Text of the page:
The CPU 720 can draw instructions from program memory 750, retrieve and store data in data memory 740, receive external signals over input interface 730, and can transmit signals to external devices over output interface 760.
The bus 705 can distribute the RESET_ signal from PORST 710 to on-chip elements of controller 700 and can deliver the RESET signal to external components via terminal 707. In other words, controller 700 can satisfy on-chip requirements for generating a RESET_ and can serve as a PORST generator chip for external logic.
Various aspects of the above-disclosed and other features and functions, or alternatives thereof, may be desirably combined into many other different systems or applications. Also, various presently unforeseen or unanticipated alternatives, modifications, variations or improvements therein may be subsequently made by those skilled in the art, and are also intended to be encompassed by the following claims.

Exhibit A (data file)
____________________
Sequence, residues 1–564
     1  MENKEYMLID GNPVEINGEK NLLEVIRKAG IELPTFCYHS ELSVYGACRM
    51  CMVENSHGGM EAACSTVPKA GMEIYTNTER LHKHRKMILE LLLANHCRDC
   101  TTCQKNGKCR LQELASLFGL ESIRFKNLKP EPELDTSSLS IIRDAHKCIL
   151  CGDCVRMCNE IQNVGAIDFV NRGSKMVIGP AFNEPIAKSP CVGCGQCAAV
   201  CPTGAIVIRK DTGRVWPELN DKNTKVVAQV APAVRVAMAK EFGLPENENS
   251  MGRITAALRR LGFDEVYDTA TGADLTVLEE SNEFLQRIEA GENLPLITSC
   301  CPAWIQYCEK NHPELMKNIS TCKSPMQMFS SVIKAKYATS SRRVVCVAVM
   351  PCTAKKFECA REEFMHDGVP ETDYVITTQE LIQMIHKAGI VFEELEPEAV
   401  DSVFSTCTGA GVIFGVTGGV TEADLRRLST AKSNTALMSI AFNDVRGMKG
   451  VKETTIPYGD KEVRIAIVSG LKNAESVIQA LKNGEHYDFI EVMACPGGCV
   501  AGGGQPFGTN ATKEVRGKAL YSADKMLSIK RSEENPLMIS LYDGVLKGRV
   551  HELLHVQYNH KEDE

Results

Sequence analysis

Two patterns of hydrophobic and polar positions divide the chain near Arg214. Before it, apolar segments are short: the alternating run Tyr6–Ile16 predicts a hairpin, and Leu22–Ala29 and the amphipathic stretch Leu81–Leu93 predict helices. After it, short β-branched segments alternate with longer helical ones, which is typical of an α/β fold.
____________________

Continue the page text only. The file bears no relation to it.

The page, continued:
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|U.S. Classification||327/142, 327/205, 327/206, 327/143|
|Sep 8, 2008||AS||Assignment|
Owner name: MARVELL ISRAEL (MISL) LTD., ISRAEL
Free format text: ASSIGNMENT OF ASSIGNORS INTEREST;ASSIGNORS:ECKER, REUVEN;LIEBERMAN, DAN;REEL/FRAME:021505/0385
Effective date: 20080907
|Apr 13, 2015||FPAY||Fee payment|
Year of fee payment: 4